I hate to say this, but the media is losing me. I'm mostly on their side when it comes to subpoenaing journalists' phone records, but the level of outrage and special pleading has gotten so palpable that I'm starting to waver. Aren't they supposed to at least feign objectivity, even when the subject is something that affects the press?

It's worse in some places than others. Roger Ailes, for example, released a histrionic statement yesterday about "the administration's attempt to intimidate Fox News." Sure, Roger. Other places it's only slightly more subtle. This morning's LA Times, for example, greeted me with the headline on the right. If the subject were, say, wiretaps on organized crime rings, would the Times have written a headline about "spying on mafia dons"? I don't think so.

I'm not sure what precisely has caused the big increase in leak investigations during the Obama administration. Maybe it's because electronic communication makes it easier to investigate them. Maybe it's because electronic communication makes it easier to leak in the first place, so there are more leaks. And certainly some cases are more troubling than others. The harassment of Thomas Drake, for example, is hard to defend. Conversely, the prosecution (though not always the treatment) of Bradley Manning is entirely justified.

The two cases that have everyone exercised at the moment mostly seem to be justified. As Cheryl Rofer points out, Stephen Jin-Woo Kim basically acted like an idiot, apparently leaking information to James Rosen without even quite realizing how damaging it was. There's no government in the world that would tolerate that kind of behavior from someone in a sensitive position who knew the rules. We know less about the AP case, but it certainly seems to have involved the release of information (the existence of an Al Qaeda mole) that the government had a legitimate reason for keeping secret.

Does this mean the government should be able to pursue these cases by getting warrants for reporters' phone records? I think the bar should be very, very high for that. Should the government be able to prosecute reporters for publishing classified information? I'd say the bar should be almost insurmountable for that. Even making the suggestion in a warrant application, as they did in the case of Rosen, is going too far for my taste.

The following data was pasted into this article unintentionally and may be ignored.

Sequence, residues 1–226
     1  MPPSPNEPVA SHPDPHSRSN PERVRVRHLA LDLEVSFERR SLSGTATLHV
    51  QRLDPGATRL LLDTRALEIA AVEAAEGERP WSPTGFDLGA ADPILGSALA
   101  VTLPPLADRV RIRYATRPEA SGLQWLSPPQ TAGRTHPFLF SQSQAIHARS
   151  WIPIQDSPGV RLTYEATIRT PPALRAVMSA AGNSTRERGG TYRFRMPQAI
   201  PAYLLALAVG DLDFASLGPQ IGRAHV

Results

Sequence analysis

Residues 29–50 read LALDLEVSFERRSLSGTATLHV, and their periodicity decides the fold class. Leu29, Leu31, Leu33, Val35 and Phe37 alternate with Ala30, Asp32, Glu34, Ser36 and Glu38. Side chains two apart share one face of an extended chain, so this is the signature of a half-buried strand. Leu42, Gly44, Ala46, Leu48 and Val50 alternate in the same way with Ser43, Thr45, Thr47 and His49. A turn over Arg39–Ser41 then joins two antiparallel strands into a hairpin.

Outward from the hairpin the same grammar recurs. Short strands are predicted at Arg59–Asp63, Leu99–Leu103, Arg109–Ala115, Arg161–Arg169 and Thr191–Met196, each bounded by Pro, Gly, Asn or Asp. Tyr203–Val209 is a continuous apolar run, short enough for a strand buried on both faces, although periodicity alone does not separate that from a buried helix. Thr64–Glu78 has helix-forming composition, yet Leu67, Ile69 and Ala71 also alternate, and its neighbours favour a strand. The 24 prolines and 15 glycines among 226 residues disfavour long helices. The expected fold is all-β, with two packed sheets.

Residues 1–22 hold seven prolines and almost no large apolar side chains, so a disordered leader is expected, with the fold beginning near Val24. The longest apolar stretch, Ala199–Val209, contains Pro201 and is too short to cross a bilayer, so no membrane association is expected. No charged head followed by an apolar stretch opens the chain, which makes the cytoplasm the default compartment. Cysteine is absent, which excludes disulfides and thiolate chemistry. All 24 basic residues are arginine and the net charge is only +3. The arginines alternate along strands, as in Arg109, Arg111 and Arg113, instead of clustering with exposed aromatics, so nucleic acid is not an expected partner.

Nevertheless, the government has an obvious interest in trying to keep its intelligence operations secret. The existence of an Al Qaeda mole and the existence of high-level sources within North Korea are both classic cases of this. There's no whistleblowing or government misconduct here. When those kinds of secrets are blown, the feds legitimately want to know which nitwit is doing it. Sometimes that may justify getting a warrant to look at journalists' phone records. The rules for this ought to be more stringent than they are, but the First Amendment isn't a magic pass here.

A few days ago I mentioned some good news out of Oregon: competition among health insurers was forcing down the price of coverage on the state's new Obamacare exchanges. Yesterday we got more good news from a much bigger state: mine. Wonkbook has the deets:

In 2009, the Congressional Budget Office predicted that a medium-level "silver" plan — which covers 70 percent of a beneficiary's expected health costs — on the California health exchange would cost $5,200 annually. More recently, a report from the consulting firm Milliman predicted it would carry a $450 monthly premium. Yesterday, we got the real numbers. And they're lower than anyone thought.

As always, Sarah Kliff has the details. The California exchange will have 13 insurance options, and the heavy competition appears to be driving down prices. The most affordable silver-level plan is charging $276-a-month. The second-most affordable plan is charging $294. And all this is before subsidies. Someone making twice the poverty line, say, will only pay $104-a-month.

Sparer plans are even cheaper. A young person buying the cheapest "bronze"-level plan will pay $172 — and that, again, is before any subsidies.

For some people—mostly young people with good incomes—individual rates may go up from what they're paying now, though that depends on what kind of coverage they select. The table on the right shows a few selected rates for a silver plan in California's biggest cities. (Tax credits will lower these rates further for residents with moderate incomes.)

Nonetheless, competition seems to be doing its job on the exchanges and this is generally good news. Healthcare still costs too much, but if these early results hold up, Obamacare's structure seems to be doing a pretty good job at its core mission of controlling prices.

Oh yeah, this is going to be fun: